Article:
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Can't Find Your Keys

Most of the time when you forget where you've left something, like your keys or your glasses, you should be able to think back, retrace your steps, and find whatever it is. If you notice you're losing things all the time and you can't go back and spot them, that's a common sign of a bigger memory problem.

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Losing Track of Time

Most of us have woken up and thought to ourselves, "What day is it?" It won't take you too long to figure it out. But if you are often losing track of dates, seasons, or the passage of time, that's another sign of real memory trouble. 

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How Did I Get Here?

If you walk into a room and can't remember what you were doing, that's not cause for concern. It happens to all of us. But people with Alzheimer's disease sometimes forget where they are. Or they find themselves somewhere and don't remember how they got there. If that's a problem you have, it's a good idea to get help.

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What's the Word for It?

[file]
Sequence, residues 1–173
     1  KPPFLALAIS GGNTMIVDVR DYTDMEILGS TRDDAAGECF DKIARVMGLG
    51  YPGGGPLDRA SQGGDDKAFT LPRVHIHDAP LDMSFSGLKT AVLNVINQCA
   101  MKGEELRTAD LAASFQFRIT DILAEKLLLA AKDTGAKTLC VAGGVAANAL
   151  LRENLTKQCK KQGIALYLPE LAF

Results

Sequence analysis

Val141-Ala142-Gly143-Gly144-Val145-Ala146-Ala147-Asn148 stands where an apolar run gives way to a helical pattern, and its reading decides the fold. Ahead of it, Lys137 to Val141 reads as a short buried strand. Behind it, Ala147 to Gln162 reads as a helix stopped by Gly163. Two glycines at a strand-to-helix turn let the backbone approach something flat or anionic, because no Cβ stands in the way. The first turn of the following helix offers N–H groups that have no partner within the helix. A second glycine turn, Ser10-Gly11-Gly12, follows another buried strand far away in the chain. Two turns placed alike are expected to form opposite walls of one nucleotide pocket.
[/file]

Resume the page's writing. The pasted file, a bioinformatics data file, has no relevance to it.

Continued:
It's normal to have trouble finding the right word sometimes. Or you might use a word the wrong way. Not to worry. But people with Alzheimer's disease often start to have real trouble talking or writing. They might find it hard to recall the right term for familiar objects or the name of somebody they know well. If you're struggling with names, words, or what to say next, it may be a sign of more serious memory loss.

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Withdraw From Friends and Family

Are you avoiding friends, family, or co-workers? Is it hard to carry on or follow a conversation? When memory problems become more severe, it's common for people to lose interest in hobbies, social events, or other activities they used to like doing. If that sounds like you, it's time to talk to someone about it.